“So AT&T wants to dominate, huh?”
It’s the same thing we’ve all been thinking since the news broke this weekend.
AT&T has long had its sights set on world domination by acquiring smaller companies. And then it became a legal — albeit regulated — monopoly during WWI as a way to return to private ownership after being nationalized for a year. Bell Systems [source]
The story and its implications are well documented, so I’m not going to deal with that here. What struck me was that so many people brought it up. We’re not talking about internet people or people very tuned into business news. These were family members, friends and conversations overheard around town.
People are worried about this deal. They’re worried about price fixing and AT&T’s aggressive move to dominate the market.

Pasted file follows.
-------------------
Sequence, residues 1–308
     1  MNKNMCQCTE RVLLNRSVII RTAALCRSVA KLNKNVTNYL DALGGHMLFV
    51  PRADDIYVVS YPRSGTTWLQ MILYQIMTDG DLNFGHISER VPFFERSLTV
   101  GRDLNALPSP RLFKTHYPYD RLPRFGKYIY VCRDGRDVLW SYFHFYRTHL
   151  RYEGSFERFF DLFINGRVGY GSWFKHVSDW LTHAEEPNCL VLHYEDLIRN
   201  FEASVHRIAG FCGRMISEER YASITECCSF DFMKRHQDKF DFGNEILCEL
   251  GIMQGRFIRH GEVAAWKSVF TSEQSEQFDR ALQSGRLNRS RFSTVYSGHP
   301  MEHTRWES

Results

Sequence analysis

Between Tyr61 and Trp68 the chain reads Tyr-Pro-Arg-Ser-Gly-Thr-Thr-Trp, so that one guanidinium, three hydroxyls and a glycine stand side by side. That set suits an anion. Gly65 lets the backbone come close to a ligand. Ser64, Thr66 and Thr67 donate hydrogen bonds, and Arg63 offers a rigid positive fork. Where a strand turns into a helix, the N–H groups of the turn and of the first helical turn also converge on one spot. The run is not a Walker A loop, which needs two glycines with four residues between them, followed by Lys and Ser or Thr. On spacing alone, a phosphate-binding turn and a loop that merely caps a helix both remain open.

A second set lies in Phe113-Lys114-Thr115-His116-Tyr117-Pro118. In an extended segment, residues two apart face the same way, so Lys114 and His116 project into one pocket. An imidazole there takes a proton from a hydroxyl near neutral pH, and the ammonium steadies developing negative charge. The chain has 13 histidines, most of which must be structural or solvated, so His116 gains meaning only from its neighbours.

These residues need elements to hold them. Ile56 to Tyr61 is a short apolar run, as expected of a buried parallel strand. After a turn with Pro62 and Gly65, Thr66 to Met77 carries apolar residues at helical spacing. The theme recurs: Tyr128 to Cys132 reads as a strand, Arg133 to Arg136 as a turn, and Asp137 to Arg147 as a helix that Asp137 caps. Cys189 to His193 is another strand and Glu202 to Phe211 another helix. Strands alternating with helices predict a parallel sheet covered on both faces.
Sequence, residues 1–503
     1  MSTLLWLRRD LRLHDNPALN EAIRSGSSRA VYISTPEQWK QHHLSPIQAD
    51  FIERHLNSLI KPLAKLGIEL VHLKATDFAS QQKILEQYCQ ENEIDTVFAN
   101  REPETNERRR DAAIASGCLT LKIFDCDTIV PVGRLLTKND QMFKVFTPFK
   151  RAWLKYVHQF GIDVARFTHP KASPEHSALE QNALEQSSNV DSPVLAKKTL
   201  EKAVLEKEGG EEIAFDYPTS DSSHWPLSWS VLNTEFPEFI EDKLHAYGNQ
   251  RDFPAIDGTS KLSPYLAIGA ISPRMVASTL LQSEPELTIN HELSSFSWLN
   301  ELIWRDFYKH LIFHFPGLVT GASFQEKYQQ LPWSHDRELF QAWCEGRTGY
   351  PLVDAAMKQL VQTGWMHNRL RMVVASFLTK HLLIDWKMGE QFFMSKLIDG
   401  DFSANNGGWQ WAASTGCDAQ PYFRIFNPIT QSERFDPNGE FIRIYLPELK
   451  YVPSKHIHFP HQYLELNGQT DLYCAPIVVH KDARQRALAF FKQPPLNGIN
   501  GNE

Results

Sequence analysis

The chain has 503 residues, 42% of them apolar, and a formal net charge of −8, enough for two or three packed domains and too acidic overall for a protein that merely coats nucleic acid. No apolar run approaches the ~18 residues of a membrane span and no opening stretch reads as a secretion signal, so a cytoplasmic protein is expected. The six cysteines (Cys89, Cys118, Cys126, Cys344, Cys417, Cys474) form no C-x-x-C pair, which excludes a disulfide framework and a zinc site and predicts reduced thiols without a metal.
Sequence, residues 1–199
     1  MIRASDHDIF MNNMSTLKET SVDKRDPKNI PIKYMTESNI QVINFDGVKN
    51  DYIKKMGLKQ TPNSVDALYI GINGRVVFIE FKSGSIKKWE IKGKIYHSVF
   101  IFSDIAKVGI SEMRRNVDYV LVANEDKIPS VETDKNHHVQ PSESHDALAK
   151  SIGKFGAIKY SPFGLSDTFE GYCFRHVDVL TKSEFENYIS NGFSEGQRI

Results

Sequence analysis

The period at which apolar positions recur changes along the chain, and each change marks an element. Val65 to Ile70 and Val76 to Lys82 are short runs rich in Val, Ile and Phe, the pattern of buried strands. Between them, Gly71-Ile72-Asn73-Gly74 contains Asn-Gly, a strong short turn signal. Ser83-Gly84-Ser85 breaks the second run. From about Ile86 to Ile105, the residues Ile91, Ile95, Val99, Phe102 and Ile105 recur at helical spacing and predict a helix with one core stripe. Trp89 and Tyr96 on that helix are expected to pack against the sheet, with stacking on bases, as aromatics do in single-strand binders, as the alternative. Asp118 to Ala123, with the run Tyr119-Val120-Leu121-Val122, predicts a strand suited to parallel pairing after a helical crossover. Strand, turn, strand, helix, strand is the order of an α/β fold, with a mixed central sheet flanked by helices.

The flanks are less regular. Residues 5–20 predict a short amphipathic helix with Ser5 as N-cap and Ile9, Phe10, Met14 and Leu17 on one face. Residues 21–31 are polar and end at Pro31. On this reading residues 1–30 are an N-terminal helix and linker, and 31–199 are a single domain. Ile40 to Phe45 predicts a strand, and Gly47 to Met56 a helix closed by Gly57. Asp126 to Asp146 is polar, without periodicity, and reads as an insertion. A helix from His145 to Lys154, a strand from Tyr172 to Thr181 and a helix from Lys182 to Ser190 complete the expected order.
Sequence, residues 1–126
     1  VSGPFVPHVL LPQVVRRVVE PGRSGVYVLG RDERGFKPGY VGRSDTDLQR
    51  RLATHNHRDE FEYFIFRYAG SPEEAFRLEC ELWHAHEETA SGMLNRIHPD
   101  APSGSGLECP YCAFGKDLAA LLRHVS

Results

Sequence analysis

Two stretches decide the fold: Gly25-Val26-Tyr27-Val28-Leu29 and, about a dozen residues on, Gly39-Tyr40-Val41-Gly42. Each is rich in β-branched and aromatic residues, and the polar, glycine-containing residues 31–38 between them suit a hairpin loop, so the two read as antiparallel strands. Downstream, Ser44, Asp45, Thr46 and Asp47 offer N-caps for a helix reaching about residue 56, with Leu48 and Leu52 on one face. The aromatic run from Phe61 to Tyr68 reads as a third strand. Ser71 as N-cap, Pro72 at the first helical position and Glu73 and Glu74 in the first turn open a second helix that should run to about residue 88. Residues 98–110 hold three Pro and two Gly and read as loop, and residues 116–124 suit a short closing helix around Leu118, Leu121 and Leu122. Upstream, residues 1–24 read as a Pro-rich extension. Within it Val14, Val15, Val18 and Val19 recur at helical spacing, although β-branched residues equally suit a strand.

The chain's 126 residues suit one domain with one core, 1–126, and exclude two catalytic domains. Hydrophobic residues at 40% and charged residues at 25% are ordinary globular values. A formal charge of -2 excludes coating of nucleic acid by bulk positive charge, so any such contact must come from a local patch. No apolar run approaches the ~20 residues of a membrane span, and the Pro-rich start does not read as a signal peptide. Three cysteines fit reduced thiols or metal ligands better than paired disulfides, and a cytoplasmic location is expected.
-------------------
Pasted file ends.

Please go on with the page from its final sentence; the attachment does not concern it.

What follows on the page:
And why shouldn’t they be? AT&T has been making its slow march to recover its dominant position for a long time, gobbling up Pacific Bell and Cingular. Now AT&T might have its hands on one of their biggest competitors, with its defense against anti-trust action being that there are plenty of small local wireless carriers all over the country.
One thing was clear, as AT&T continued to come up in these discussions. Not a single person thought this acquisition was good for the consumer. Nor did anyone think the deal was good for competition.
Sprint may be safe for now, but how long before AT&T and Verizon are the last monoliths standing?